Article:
Updated: Mar 30, 2019
Day 3: The South-west Coast
Following an agreeable Cretan breakfast of yoghurt, honey, coffee and fruit, we drove south from Rethymno on our third day on the main road in the direction of the town of Plakias. After the village of Armeni, the drive became gorgeous – the mountainous interior of the island makes even the most routine drive an absolute pleasure of winding roads, plunging cliffs and verdant valleys – with one or other of the coastlines almost always on the horizon.
The Kourtaliotiko Gorge was particularly spectacular, and demanded a photo stop. The tiny Agia Nikolas Monastery here is also worth a stop, with a stunning location near the top of a high pass leading down to the south coast – whose waters are part of the Libyan Sea. In fact, this gorge leads all the way down to Moni Preveli Monastery, east of Plakias, which took about 90 minutes in total from Rethymno. Always plan for things to take longer than they should here – roads are rarely fast when you stray away from the north coast. Preveli is, after Arkadi, probably western Crete's most holy site and it fully justifies a visit. It's famed for its part in the resistance against the Turks and also during WW2, when it acted as a shelter to Allied troops stranded on the beach below it. It's a splendidly-located place high on the cliffs above Preveli beach and with views out to the sea beyond, it rivals and even betters Arkadi for atmosphere. The beach 300m below is quite a hike – it's only accessible by foot, and coming back up is a bit of a lung-buster. But it's well worth the effort, as you descend to an (at this time of year) almost completely deserted beach, fed by the fresh water from the Kourtaliotiko Gorge, and it's possible to hike up the gorge some distance. There are a couple of swimmable pools in the river if the beach is too crowded in summer (which it does get). We had it all to ourselves for an hour though and enjoyed the Spring sun with a cold drink from a little taverna on the beach.
However, we had a full itinerary in front of us and didn't linger as long as we'd have liked. We passed by the rather touristy town of Plakias without stopping. It seemed pleasant enough but didn't appear to have too much to detain us – it's a base for tourists though and is one of the best bets on the south east coast for amenities. Its long, wide, sandy beach and shallow waters make it a family-friendly destination without being very noisy. Our next stop, about thirty kilometres further west along the coast, was Frangocastelo. It's a scattered village but with one major attraction – its castle, which stands sentry over it, looking more than a little incongruous. It's a huge, imposing structure which can be seen for miles, but like Fortezza in Rethymno, is basically just a shell. It was built by the Venetians in 1371 to deter pirates – some would call that overkill – and one can't imagine any soldiers stationed here seeing much action. The beach nearby was also practically deserted, save for a few strung-out looking hippy types, looking for serenity no doubt. They'd have found it here.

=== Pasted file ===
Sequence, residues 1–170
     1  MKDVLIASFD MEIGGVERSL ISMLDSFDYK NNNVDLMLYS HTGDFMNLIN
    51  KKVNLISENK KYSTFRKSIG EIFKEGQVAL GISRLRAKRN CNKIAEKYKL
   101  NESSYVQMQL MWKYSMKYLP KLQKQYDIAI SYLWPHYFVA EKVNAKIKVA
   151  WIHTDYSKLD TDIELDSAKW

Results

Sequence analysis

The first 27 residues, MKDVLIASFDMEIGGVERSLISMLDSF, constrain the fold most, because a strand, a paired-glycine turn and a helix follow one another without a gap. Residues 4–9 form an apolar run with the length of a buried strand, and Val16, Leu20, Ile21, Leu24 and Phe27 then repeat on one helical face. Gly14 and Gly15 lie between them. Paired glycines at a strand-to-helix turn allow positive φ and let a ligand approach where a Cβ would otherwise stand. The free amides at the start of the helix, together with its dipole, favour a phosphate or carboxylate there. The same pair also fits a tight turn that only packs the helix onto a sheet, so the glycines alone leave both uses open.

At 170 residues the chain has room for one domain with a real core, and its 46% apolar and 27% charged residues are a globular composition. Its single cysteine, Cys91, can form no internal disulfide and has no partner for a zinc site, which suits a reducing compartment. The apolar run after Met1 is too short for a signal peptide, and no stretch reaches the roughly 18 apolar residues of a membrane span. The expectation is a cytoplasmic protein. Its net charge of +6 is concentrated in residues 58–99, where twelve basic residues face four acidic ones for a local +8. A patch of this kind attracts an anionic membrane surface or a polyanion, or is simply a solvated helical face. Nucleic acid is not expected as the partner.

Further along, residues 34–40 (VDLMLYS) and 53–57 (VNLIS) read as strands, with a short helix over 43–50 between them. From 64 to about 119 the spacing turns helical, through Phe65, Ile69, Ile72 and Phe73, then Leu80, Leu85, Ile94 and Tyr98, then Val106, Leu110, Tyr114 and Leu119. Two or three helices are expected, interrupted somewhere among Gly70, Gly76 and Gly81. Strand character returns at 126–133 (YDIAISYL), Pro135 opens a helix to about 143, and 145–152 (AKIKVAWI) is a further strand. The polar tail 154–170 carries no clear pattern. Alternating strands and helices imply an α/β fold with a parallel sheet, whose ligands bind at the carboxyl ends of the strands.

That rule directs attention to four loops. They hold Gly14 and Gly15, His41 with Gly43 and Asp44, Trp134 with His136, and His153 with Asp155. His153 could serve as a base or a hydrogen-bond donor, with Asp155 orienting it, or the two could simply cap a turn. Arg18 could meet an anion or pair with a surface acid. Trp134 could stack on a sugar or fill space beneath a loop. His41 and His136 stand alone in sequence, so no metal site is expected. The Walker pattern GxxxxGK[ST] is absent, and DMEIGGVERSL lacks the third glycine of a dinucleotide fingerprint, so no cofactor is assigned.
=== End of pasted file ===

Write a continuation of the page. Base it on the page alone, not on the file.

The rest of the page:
Our main aim for the day was up next. We stopped at the village of Hora Sfakion and parked the car just 3km beyond it, where a footpath began along the cliffs to the inaccessible-by-road hamlet of Loutro, a 90 minute hike further on. The hike was pretty taxing – up and down a quite precipitate footpath and on a stony surface in rugged surrounds. For a reasonably fit adult, it was no problem, but anyone less fit, or with young children, wouldn't be advised to attempt it – especially in the heat. It was only in the low 20s, but the lack of shade made the walk tiring. After about half an hour we reached the rather stony but pleasant Sweetwater Beach (Glyka Nera), named after a freshwater stream that feeds the sea here.
It's a perfect place for a rest and would have been ideal for a swim later in the year as it had beautiful crystal-clear waters with a lovely mountainous backdrop, but the waters were a little cold still. Another hour or so of very scenic clifftop hiking took us to Loutro, which is one of the very few settlements I've visited in the world unconnected to roads. The only way in and out is on foot or by boat, and so the village has an extremely calm and relaxing vibe. It's basically just a few whitewashed houses scattered around a harbour, some of which are guesthouses. There are a handful of tavernas and bars, a shop, and a church – and that's about it.
If you want relaxation, and to escape the crowds – this is undoubtedly the place to come. For many, the lack of things to do other than sunbathe and swim might be a deterrent, and a couple of hours was enough for me, but it was a truly special place and I definitely would like to have seen more of this coastline. The footpath we took was part of the European E4 coastal route, and it hugs the coastline of much of southwest Crete; it's undoubtedly a stunning section of the island, very little of which is reachable by car, so Loutro is far from the only village of its kind in this part of the world – just the most well-known. The most famous of all the hikes in Crete ends only a few kilometres west of Loutro – at the village of Agia Roumeli, which is similarly isolated. That walk is the mighty Samaria Gorge, and I'd have loved to write about that for this guide, but unfortunately it was not open while we were there. It opens in late May usually – because the path follows a riverbed, which obviously needs to be dry, which it generally isn't in early Spring. Suffice to say I was disappointed by this news, but I suppose it's a reason to go back.